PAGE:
My dream trainer would come to my apartment once a day, pick up the dog and maybe as a bonus the trainer would have a soup of the day.

During Hurricane Ian millions of gallons of pig feces whooshed across North Carolina. Pig poop gets my attention. I raised my kids on a hog farm and the water was too contaminated to drink due to decades of farming with gestation crates: a birthing invention of factory farms that is a stacked storage system to get the most pigs per acre.

In past years Hurricane Florence and Hurricane Matthew sent feces flying so we know which problems ensue: human sickness, contaminated drinking water, rivers, plants and fish. There’s a race issue as well. The farm owners are white and their pig shit lands on property Black people own.

We don’t see many politicians taking up this cause. The pork lobby owns North Carolina. The only other state with significant hog operations is Iowa, and you can’t win a presidential primary if you trash talk pigs.

But California sidestepped the fact that pork producers don’t live in their state and 68% of voters said California should not permit the sale of pork from gestation crate farms. Many attempts to control the pork producers have failed, so whiners dismissed this one as The Bacon Apocalypse, but attorneys shepherded the law through two appeals, and this week the Supreme Court will hear the case.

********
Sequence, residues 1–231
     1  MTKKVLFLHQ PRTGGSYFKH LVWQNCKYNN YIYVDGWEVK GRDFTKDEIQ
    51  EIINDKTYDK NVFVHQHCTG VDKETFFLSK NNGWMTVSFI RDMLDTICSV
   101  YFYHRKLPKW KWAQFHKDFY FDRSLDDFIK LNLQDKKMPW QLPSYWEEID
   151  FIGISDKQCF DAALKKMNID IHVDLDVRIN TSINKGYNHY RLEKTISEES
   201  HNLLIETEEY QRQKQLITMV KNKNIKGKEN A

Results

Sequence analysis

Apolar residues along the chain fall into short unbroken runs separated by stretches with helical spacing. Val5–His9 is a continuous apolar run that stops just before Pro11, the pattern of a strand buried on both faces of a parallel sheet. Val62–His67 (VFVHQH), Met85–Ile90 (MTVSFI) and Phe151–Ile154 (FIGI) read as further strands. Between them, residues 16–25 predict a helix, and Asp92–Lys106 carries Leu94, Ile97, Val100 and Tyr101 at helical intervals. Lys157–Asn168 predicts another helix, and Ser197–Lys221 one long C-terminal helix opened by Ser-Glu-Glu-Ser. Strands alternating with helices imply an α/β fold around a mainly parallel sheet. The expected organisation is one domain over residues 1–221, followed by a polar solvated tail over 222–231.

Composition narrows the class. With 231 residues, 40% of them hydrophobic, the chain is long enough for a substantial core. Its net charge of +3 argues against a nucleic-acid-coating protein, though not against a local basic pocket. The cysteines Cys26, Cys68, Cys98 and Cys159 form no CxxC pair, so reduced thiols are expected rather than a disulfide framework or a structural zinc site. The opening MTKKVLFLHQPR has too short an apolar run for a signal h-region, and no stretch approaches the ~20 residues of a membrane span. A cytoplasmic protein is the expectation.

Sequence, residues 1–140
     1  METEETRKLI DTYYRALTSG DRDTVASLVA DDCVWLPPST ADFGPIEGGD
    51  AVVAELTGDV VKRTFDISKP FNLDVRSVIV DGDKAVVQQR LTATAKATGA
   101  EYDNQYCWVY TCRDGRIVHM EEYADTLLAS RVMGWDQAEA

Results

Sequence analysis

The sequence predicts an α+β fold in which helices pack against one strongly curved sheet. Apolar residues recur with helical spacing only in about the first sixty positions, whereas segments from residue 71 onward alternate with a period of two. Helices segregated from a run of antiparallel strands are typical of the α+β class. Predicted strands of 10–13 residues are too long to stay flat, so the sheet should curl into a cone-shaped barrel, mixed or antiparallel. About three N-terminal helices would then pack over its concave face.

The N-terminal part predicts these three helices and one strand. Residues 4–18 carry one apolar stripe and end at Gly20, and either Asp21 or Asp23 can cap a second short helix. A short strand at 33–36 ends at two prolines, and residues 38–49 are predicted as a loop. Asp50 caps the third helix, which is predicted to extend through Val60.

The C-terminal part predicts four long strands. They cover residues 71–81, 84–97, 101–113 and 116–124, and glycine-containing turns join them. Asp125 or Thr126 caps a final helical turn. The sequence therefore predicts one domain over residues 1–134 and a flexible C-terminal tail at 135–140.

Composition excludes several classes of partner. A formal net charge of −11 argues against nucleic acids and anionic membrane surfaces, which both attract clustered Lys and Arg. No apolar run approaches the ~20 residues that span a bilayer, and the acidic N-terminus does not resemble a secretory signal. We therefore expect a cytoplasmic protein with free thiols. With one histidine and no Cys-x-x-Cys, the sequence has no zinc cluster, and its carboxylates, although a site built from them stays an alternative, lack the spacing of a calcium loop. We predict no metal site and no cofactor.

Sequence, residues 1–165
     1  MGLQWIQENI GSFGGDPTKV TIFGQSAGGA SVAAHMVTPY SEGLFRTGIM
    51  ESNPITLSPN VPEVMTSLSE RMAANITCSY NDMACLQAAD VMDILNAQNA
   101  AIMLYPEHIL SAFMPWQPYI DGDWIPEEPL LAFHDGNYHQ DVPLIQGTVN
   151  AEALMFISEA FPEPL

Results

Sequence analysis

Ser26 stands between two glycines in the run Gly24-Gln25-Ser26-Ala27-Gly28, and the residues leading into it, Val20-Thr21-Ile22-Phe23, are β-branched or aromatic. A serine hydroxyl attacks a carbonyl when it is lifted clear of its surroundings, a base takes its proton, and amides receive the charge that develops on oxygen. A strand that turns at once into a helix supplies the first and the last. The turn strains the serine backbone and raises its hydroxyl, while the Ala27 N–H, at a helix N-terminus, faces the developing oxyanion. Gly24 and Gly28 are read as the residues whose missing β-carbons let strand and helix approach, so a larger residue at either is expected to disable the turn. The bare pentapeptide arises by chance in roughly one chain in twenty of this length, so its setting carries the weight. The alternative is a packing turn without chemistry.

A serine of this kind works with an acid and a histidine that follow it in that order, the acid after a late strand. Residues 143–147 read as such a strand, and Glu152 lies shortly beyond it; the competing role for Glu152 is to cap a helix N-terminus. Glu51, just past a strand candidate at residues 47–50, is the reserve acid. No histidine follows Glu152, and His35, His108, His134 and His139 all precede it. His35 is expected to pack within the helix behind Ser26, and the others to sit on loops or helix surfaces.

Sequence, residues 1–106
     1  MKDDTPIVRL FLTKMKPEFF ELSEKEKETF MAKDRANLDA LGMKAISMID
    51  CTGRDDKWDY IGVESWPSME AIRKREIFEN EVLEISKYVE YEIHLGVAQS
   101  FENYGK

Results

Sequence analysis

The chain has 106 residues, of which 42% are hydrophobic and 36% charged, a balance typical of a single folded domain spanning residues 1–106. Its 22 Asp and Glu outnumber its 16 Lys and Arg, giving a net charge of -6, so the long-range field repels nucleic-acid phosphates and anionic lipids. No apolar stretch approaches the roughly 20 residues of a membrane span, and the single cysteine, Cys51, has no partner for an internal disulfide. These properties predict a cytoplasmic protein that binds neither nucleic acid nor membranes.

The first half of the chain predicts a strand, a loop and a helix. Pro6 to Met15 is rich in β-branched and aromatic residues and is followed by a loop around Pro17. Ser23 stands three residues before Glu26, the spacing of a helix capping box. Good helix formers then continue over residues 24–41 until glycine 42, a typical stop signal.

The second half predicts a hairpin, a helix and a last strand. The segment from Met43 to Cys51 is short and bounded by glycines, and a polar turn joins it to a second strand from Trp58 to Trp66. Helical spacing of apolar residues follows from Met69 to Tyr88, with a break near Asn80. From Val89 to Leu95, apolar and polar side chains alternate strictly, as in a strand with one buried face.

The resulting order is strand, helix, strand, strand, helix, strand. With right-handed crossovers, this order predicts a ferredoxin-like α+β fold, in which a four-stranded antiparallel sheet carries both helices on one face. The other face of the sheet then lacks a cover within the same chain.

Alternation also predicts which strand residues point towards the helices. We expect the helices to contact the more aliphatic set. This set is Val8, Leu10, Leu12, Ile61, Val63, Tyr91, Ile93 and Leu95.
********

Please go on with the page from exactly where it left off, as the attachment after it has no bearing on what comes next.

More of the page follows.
The state of California will argue that gestation crates are the worst example of animal confinement. The crates don’t allow any movement for pregnant pigs; they can stand or sit but cannot turn around for most of their life. I hope California also adds something about how pigs have an intense social-emotional life and a higher IQ than dogs.

But like all legal matters, conversation will probably stick to money. The pork industry will invoke interstate commerce laws to say replacing gestation crates with moderately larger pens is too big a burden on businesses outside of California. The Court will use the Pike Test to determine if the consumer’s moral cost of eating ill-begotten pork outweighs the producer’s financial cost of reconfiguring crates to be larger.

The cost argument only works because the meatpacking industry controls farmers, and only the few financially independent hog farmers could study the cost of switching from gestation crates. But also, universities capable of producing this research are funded by gestation crate manufacturers.

My son discovered this problem first-hand. Our farm switched from gestation crates to free-range farrowing while he was growing up. The farmer had a degree in hog genetics and we collected data for nine years using a (mostly) scientific method which at the time was annoying, but created a data set like no other in the US.